Thursday, July 29, 2004
Senator Byrd's Constitution.
The one event of the Convention I took time away from work to attend was Tuesday's joint appearance of Senator Ted Kennedy, General Wesley Clark, and Senator Robert Byrd at the First Parish in Cambridge. Byrd, of course, was speaking about his new book, Losing America: Confronting a Reckless and Arrogant Presidency, and the audience — which had completely filled the large church at least 45 minutes before the event began — was highly predisposed to agree with everything any of the three speakers said. We whooped it up, all right.
The most striking thing about the event, aside from the real-time recognition that Byrd is extraordinarily old, was the palpable sense of his veneration for the Constitution. At one point, he held up his new book and said, "I wrote this book to save this book" — and he pulled a small pamplet-sized copy of the Constitution out of his pocket and held it up in the air unsteadily, a look of intense feeling on his face. It was clearly, for him, not simply an idea or a set of rules; the Constitution was something to revere.
When I went to college, I took my own little bicentennial pamphlet copy of the Constitution along. (I'm an Eagle Scout, after all. And back when I was a ninth-grader I drafted a constitution for my brand-new junior high school which the principal found a bit too student-empowering, I'm afraid, but I took to constitution-writing with gusto.) So I completely understand venerating the Constitution. All the way through divinity school, I kept that little booklet and a pamphlet copy of the Universal Declaration of Human Rights out on a shelf with other things I valued — the only texts on a little dresser-top shrine. (I think I picked up the Declaration pamphlet at an R.E.M. concert in 1990! Bless those earnest rockers.) But even though I read both documents, they were a bit totemic for me, symbols of my heartfelt patriotism and commitment to constitutional liberalism and human rights.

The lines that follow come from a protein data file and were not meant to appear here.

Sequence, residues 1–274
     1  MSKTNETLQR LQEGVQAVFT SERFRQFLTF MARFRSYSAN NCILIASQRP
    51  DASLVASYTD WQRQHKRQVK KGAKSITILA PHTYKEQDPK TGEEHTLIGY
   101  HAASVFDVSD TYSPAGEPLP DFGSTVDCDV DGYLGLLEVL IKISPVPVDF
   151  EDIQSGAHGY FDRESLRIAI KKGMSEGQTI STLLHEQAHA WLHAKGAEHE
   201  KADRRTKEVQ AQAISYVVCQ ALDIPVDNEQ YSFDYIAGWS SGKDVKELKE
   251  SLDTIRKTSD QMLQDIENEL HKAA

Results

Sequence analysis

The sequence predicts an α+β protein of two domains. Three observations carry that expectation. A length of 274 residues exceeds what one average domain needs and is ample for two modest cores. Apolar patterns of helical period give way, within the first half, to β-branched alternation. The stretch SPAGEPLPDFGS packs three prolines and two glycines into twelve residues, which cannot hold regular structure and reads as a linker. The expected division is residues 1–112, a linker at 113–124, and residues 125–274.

Byrd's veneration, however, is many fathoms deeper. I could certainly feel myself swept up in the tide of admiration in the room, but at the very end of the Q&A portion of the event, when he waved the little worn Constitution a second time, I found myself choking up. By golly, I am a sentimental liberal.
When someone asked him what will protect us from tyranny, Byrd said, "The separation of powers is the guarantor of the people's liberties." (You'll have to imagine the peculiar intensity of his voice.) Amen to that. And that's the whole key to his unprecedented rage at President Bush and a docile Congress: He believes that America's leading politicians — especially in the Senate — are abandoning the separation of powers and abdicating their decisions to political consultants in the West Wing.
"Our Founders struggled mightily to escape the yoke of one King George," he said in the afternoon's reddest-meat line. "I say, Enough is enough! We cannot sit silently by and witness the dimming of freedom's flame."
I was there mostly because I had supported Gen. Clark in the Democratic primaries. I continue to believe that Clark represented a confluence of values, ideas, and aptitudes that the country sorely needs. He translated liberalism, you might say, back into American. (The most eloquent advocates of this refreshed liberalism so far have been Barack Obama and John Edwards.) I had heard Clark speak in person twice during the primaries, and it was interesting watching him not as a candidate with a prepared speech but as a citizen praising someone he himself admired.
Clark contrasted the role that soldiers take in a democracy — pledging to honor their country by loyally supporting the commander-in-chief — with the role that citizens must take in a democracy: "Those of us not in uniform are responsible for the commander-in-chief," he said.
Watching WGBH Tuesday night, I saw video of the event — and there I was, too, sitting up front! — but I can't find the video on-line. When it finally does show up, I'll add a link.
Copyright © 2004 by Philocrites | Posted 29 July 2004 at 5:45 PM